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concentration of sense in their mouths and noses, and no very clear idea of the system on which their legs were planned; but they have a slight suggestion of their future hump, and a certain spunkiness of demeanor, which, to the close observer, bound them off from the common calf. Their coats, too, are rougher than his, and show symptoms of coming curl; but they are of a reddish-brown color, which is not uncommon in our barn-yards. Punctually at the expected time, our stage came along, and, to our great satisfaction, contained only a couple of passengers. Our dreams of luxurious space were rudely disturbed by the appearance, while we were dining, of the coach from Omaha, which here intersects the main Overland road, with a cargo of passengers mostly intending to keep on further west, and clamorous for their shares in our vehicle. After protracted negotiation, we compromised by receiving two of the new lot, who, with our party of four and the original occupants, crowded us into wretchedly tight quarters. - For the thirty-six miles to Plum Creek station, the road continued to run through a country of only less aridity than preceded our entrance to Fort Kearney. The only spots of brightness on the dreary waste of sand and gramma were the crimson flowers of the ground-poppy, which afford such diversified beauty to the Plains about the Little Blue, and which here fought for a bare existence with the thickening myriads of cacti, bursting up between the spikes and saffron-colored blossoms of the latter, like flames twinkling among pale cinders. Again we went pattering out into the twilight, behind fresh relays. About nine o'clock, the moon rose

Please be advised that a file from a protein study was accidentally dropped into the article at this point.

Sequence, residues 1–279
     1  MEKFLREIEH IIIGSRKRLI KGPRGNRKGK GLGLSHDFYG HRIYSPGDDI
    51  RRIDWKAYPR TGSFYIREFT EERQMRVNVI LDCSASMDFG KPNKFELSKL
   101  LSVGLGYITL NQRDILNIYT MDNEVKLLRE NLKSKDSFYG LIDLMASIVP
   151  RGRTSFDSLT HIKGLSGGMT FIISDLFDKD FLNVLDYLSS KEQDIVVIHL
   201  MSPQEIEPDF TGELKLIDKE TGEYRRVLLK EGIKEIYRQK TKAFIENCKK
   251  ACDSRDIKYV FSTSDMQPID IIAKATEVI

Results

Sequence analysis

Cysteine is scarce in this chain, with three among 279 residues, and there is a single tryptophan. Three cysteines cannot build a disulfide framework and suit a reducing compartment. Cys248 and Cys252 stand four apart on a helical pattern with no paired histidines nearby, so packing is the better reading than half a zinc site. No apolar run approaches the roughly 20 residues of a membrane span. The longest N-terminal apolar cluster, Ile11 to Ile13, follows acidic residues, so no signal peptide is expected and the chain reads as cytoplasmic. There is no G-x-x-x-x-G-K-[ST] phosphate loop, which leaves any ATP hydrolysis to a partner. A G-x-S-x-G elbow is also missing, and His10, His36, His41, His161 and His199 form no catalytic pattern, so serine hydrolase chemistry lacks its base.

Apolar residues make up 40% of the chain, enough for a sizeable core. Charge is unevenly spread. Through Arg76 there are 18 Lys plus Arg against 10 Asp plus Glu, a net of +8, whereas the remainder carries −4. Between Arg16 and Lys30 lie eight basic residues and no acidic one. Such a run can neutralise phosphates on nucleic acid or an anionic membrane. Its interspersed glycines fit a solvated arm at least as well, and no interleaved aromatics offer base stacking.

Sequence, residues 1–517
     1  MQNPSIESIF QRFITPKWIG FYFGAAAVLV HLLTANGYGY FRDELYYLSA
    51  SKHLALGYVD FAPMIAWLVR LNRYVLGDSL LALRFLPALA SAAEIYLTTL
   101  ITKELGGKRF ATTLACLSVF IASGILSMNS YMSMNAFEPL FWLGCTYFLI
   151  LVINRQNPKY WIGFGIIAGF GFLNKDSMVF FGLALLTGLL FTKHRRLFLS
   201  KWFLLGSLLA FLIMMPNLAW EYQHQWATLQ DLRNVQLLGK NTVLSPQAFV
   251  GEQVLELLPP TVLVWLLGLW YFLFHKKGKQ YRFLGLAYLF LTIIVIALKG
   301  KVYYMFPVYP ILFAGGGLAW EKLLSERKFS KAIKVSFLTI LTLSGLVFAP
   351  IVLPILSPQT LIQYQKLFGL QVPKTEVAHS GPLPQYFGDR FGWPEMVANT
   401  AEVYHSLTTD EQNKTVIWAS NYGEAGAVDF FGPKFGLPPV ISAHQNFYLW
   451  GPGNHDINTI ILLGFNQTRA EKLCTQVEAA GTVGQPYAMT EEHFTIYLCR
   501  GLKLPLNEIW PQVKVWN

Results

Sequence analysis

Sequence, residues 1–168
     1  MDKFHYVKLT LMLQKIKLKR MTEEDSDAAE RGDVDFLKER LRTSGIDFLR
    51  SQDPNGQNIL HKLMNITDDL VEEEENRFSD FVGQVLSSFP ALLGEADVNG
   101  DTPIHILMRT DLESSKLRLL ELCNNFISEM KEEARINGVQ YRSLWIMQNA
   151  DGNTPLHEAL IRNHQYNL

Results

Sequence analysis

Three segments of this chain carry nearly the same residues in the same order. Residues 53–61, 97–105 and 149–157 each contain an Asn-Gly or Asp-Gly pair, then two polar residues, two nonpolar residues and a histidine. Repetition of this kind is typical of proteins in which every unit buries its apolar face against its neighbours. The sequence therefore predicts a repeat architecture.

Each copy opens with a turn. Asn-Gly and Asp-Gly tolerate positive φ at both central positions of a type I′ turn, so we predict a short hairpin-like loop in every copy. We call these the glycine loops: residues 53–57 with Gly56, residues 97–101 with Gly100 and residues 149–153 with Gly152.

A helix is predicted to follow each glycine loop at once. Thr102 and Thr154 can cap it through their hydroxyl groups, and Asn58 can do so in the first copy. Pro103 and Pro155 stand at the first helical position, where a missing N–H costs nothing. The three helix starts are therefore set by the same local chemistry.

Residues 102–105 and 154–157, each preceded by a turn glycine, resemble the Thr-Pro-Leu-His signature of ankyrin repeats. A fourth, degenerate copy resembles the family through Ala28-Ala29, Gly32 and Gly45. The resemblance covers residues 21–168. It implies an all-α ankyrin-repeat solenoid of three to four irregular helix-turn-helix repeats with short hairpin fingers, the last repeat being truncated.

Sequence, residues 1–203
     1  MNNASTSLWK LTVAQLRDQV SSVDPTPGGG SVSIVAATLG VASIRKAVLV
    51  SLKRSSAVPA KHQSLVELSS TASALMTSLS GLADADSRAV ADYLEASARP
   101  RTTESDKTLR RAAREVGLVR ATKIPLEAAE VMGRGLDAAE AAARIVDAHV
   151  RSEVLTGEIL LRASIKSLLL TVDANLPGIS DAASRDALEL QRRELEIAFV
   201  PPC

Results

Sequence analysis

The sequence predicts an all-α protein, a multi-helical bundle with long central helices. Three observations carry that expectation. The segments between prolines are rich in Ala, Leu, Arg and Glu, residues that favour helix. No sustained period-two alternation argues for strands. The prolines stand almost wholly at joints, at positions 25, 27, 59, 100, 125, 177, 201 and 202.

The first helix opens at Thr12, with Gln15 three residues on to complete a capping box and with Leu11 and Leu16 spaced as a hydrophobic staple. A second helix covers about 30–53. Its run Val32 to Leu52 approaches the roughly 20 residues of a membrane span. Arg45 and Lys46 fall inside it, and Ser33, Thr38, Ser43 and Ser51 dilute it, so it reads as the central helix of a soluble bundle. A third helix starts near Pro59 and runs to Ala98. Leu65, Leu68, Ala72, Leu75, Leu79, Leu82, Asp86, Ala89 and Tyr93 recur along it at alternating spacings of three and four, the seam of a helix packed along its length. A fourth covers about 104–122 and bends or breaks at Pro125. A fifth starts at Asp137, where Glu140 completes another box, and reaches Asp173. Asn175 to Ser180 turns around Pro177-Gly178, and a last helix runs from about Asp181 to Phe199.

among a swarm of small straggling clouds. About eight miles from Plum Creek, her light fell on a broad encampment of Sioux, silvering the dingy skins and occasional canvas of the smoky tépis into something like the Fenimore Cooper romance of Indian life. I could not help thinking that part of this illusion was owing to the early habits of the savage, which prevented any Indians from being in sight. It would take a good deal of moonlight to make an Indian look romantic. About the tents were a herd of picturesque, ewe-necked horses, feeding at their ease on the short, dry herbage, and showing their sides, mottled with the spots which characterize what we at the East call a “circus-horse,” — still odder in the broad moonlight. Just as we passed the last tent, a strange figure burst through the narrow slit in it used as a doorway, and hailed our driver, who stopped for him, and took him on the box. He wore a handsome buckskin hunting-blouse, profusely embroidered and dangling with leather tags, a low slouch hat, and a beaded belt, from which peeped the butt of a six-shooter. His complexion was so bronzed, and his hair so long and black, that until I had looked him full in the face, and heard him speak, I took him for a Sioux. He was a white man,— or white as a man can be who has lived much with the Indians of the Plains, – and had in his countenance one of the most singular mixtures of good-fellowship and desperadoism that I ever saw. I should have liked to see him on my side in a Plains fight, and been sorry to think he was on the other; but there was an Iago quality in his restless black eyes and the iciness of his laugh, which must have made any student of human nature uncomfortable in a protracted acquaintance with him among lonely surroundings. About eleven o'clock, when we were about half a mile from the station called Willow Island, the moon became as suddenly obscured as if she had been put out with an extinguisher. The clouds grew inky black, and simultaneously the wind rose to a tempest. I never saw in my life such dispatch in getting up a storm. Another minute, and the clouds were pelting down on us hailstones as large as musket-balls. The mules became frightened, and plunged furiously. It was too black to see the heads of the leaders, but there was nothing to be done except advance; so by coaxing, cursing, and whipping, the driver finally persuaded the team to take us as far as the station. We jumped down from the box, and in the dark, after imminent danger from the hoofs of the madly kicking wheel-mules, managed to unhook the traces instead of cutting them, as we had contemplated the necessity of doing. It will seem almost incredible to anybody who has not seen a hailstorm on the Platte; but after we had got the team loose, and were standing by their heads, while the inside passengers used up half a box of matches in getting the lanterns lighted, the stage heavy with mails, seven inside passengers, and all their baggage, was forcibly blown back by the wind a distance of several yards. I could compare its effect on myself only to having a stable door pressed steadily against my person; and if I had not held on by one of the most obstinate of nature's animals, I should have been sent scurrying out of sight in the direction of Fort Kearney. Just as our patience began to give out under the buffets of the wind and the sound whipping of the hail, our friend in the buckskin made his voice heard through the roar, and a stable-keeper appeared with a light, which was instantly put out. By this time our lanterns were lighted, and we managed to get our mules into their stalls without any accident more serious than a graze on one of the shins belonging to our driver. It was quite out of reason to attempt going on in such a tempest. Accordingly we let our relays stay in the stable, and went back to tell the insides, penned into darkness and uncertainty by tightly buttoned carriage leathers, that we had concluded, after the manner of the Connecticut River mate, “to anchor our end of the schooner.” This seemed to meet as much approbation as they had to expend upon anything under the circumstances. They resigned themselves to an upright sleep against the straps and cushions, while we, who had still enough wakefulness in our legs to hunt up something better, betook ourselves to the stable, and lay down on clean straw in some empty stalls. I blessed the hailstorm which was pelting outside, for it had given me a chance to stretch myself. Dearest opportunity to the overlander I have known hours when I speculated curiously on the torture of the rack, and wondered how the old martyrs could have found it so disagreeable. Certainly it seemed to me that any amount of relaxation could not be so painful as that sense of being shortened up, driven in, and clinched on the other side, which results from twenty-four hours' constancy to a bent position. I accordingly welcomed the chance of extending myself on the Willow Island straw, with a delight which would have scarcely been lessened, had the bare boards been substituted as a